Ten years ago this spring, Pope Benedict XVI gave an inspiring talk to university presidents at The Catholic University of America. I had thought the anniversary of his resignation in February might be a fitting occasion to say something about the place of faith in higher education, and the university in the life of the church.
After all, the pope emeritus was a professor at Bonn, Münster, Tübingen, and Regensburg and a founder of the theological journal Communio. It has been a long time since such a learned man sat in the see of Peter.
And yet, as I reread Benedict's address and thought about the changes we have seen at my own university, it occurred to me that the more significant anniversary might be that of his successor, who was elected five years ago on March 13. Pope Francis has had a profound impact on the work we do at Catholic University. It's entirely consonant with the thought of his predecessor. But like the second movement of a Mozart symphony, it's a different key and tempo from the first.
We in Catholic higher education have a tendency to underestimate our job. Ex Corde Ecclesiae, the apostolic constitution on Catholic higher education, says that "a Catholic University's task is to promote dialogue between faith and reason." That seems natural enough. Universities are concerned with knowing, and faith and reason are complementary ways of getting at the truth.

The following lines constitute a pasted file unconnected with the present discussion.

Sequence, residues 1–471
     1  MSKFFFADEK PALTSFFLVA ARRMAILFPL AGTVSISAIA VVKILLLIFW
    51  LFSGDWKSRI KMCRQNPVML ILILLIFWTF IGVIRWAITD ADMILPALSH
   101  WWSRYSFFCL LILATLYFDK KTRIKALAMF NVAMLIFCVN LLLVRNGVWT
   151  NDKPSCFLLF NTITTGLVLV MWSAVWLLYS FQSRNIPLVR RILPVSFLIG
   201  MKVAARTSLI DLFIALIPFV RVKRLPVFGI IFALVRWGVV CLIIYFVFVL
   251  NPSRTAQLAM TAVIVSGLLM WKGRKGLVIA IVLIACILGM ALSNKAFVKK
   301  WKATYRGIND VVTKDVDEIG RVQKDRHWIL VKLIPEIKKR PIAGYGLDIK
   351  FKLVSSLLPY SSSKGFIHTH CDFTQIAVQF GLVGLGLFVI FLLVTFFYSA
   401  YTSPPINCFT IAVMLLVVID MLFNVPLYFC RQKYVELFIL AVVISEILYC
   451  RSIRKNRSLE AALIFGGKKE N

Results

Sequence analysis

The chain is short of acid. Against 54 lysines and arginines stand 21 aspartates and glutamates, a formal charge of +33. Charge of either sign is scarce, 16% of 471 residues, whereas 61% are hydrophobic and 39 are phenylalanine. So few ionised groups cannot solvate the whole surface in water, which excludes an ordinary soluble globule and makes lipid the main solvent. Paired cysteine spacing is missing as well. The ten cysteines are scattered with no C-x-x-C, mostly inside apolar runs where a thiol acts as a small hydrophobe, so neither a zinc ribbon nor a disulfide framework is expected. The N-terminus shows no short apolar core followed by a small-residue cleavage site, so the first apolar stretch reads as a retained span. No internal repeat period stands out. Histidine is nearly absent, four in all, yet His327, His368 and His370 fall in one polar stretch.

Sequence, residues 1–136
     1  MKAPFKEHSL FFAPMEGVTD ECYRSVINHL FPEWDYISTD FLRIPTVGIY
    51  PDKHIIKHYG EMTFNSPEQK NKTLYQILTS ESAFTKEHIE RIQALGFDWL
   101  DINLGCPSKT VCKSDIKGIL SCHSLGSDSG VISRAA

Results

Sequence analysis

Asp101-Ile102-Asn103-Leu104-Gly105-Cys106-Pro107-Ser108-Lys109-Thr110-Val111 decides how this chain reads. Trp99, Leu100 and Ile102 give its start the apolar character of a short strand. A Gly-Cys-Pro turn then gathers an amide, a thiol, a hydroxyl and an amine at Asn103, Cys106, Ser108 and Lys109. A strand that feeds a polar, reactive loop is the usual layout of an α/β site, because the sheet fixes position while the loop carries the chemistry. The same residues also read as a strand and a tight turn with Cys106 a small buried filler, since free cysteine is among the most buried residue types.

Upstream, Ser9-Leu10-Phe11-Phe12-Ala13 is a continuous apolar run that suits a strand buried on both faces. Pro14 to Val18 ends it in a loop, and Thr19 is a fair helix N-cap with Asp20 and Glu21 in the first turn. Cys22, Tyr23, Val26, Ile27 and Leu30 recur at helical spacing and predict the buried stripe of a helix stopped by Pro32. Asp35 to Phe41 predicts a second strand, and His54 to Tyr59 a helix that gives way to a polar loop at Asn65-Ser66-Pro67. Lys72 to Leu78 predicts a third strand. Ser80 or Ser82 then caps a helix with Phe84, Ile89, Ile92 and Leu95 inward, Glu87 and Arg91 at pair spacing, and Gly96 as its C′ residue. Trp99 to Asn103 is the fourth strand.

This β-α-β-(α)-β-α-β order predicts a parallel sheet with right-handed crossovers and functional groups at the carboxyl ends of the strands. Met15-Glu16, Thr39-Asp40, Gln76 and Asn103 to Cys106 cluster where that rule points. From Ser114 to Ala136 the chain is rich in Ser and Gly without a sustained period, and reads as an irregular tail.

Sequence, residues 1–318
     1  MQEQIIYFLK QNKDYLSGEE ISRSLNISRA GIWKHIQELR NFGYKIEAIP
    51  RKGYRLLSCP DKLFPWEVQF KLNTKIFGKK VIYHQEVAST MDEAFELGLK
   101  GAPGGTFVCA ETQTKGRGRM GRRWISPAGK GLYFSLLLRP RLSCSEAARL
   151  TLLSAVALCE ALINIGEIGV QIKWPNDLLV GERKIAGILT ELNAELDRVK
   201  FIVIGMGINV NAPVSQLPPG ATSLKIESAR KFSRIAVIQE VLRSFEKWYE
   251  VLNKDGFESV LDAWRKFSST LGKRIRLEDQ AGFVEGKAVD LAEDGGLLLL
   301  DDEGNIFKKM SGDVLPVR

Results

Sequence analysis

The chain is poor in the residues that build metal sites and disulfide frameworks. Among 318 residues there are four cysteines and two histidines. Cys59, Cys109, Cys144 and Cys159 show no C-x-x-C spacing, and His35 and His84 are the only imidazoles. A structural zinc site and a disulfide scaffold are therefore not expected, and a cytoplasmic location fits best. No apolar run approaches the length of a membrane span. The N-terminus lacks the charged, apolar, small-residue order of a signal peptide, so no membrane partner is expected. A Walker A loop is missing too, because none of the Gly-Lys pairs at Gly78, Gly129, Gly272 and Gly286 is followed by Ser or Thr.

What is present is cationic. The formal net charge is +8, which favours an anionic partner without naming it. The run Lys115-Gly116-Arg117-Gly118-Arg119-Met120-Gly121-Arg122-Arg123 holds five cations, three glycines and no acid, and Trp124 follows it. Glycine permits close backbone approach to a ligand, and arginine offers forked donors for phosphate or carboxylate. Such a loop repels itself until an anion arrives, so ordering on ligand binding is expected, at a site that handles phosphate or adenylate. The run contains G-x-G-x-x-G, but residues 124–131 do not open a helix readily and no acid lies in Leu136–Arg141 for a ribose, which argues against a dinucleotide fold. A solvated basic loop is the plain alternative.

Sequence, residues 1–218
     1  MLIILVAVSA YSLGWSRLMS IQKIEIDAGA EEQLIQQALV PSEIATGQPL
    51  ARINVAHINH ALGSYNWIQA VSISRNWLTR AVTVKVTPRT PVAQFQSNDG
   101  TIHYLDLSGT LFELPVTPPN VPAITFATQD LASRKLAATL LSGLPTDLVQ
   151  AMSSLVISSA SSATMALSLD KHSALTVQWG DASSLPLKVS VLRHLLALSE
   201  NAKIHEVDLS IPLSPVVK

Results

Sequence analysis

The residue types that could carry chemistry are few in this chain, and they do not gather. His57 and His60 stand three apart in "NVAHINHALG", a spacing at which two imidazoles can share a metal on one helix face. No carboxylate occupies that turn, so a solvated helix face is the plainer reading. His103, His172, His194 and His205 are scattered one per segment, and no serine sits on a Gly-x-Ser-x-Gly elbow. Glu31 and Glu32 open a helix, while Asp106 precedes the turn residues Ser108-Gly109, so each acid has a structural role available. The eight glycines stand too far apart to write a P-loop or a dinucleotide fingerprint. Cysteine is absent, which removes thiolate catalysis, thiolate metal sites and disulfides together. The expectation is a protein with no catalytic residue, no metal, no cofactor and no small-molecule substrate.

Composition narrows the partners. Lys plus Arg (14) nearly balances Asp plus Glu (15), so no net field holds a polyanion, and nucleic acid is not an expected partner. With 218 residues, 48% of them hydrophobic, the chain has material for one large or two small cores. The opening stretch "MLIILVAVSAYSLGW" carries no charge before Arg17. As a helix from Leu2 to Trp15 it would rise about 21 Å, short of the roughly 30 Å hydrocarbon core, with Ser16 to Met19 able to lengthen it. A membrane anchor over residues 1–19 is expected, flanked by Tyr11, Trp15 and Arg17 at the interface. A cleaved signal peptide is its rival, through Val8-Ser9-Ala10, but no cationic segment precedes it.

But faith is not the only virtue a Catholic university should cultivate. We want our students to practice charity and rejoice in hope. We want them to be prudent, just, brave and temperate. Why the constant obsession with faith?
I think there are two reasons. One is that faith has a kind of logical priority among the theological virtues. We must believe in God in order to hope for life with him. And we must believe and hope before we can desire God — what Francis de Sales calls l'amour d'espérance.
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The other is that we academics like to suppose that wisdom is one with virtue. Plato makes this argument in the Protagoras — that if we know the good we will do it. If he's right, then we should focus all our efforts on knowing, and the rest will follow. Hence the stress on faith and reason.
Every parent realizes, though, that we don't teach our children virtue by giving them theological tracts. We show them and encourage them to imitate us. And when they do undertake their studies, their prior grounding in virtue informs their understanding. Plato's brightest student understood this point. Aristotle says, in the Nicomachean Ethics, that if a person wants to listen intelligently to lectures on ethics, he "must have been brought up in good habits." In our efforts to know the good, "virtue makes us aim at the right mark, and practical wisdom makes us take the right means."
This is the theme that Francis' pontificate has introduced into university affairs. The practice of virtue — not just faith, but all the virtues — steers the academic enterprise in the right direction.
Consider this observation in Amoris Laetitia, on the better education of children: "The strengthening of the will and the repetition of specific actions are the building blocks of moral conduct; without the … repetition of certain patterns of good behavior, moral education does not take place."